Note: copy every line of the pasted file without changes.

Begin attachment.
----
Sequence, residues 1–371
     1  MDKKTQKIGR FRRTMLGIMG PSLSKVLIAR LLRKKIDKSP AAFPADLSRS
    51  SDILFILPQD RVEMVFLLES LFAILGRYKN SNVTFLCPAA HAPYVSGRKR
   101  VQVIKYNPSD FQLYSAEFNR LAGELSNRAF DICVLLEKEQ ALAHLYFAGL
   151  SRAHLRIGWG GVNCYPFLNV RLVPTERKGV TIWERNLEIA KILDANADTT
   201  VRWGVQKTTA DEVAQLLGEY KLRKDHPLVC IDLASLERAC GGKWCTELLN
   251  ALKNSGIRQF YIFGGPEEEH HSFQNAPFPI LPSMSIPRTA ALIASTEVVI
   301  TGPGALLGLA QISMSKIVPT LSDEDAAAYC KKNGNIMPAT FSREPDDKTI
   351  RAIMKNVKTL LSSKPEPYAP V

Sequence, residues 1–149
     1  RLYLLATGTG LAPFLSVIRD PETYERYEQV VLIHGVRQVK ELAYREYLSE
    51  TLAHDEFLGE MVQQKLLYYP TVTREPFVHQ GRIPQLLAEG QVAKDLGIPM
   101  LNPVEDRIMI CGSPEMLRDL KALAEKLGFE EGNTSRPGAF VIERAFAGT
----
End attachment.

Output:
Sequence, residues 1–371
     1  MDKKTQKIGR FRRTMLGIMG PSLSKVLIAR LLRKKIDKSP AAFPADLSRS
    51  SDILFILPQD RVEMVFLLES LFAILGRYKN SNVTFLCPAA HAPYVSGRKR
   101  VQVIKYNPSD FQLYSAEFNR LAGELSNRAF DICVLLEKEQ ALAHLYFAGL
   151  SRAHLRIGWG GVNCYPFLNV RLVPTERKGV TIWERNLEIA KILDANADTT
   201  VRWGVQKTTA DEVAQLLGEY KLRKDHPLVC IDLASLERAC GGKWCTELLN
   251  ALKNSGIRQF YIFGGPEEEH HSFQNAPFPI LPSMSIPRTA ALIASTEVVI
   301  TGPGALLGLA QISMSKIVPT LSDEDAAAYC KKNGNIMPAT FSREPDDKTI
   351  RAIMKNVKTL LSSKPEPYAP V

Sequence, residues 1–149
     1  RLYLLATGTG LAPFLSVIRD PETYERYEQV VLIHGVRQVK ELAYREYLSE
    51  TLAHDEFLGE MVQQKLLYYP TVTREPFVHQ GRIPQLLAEG QVAKDLGIPM
   101  LNPVEDRIMI CGSPEMLRDL KALAEKLGFE EGNTSRPGAF VIERAFAGT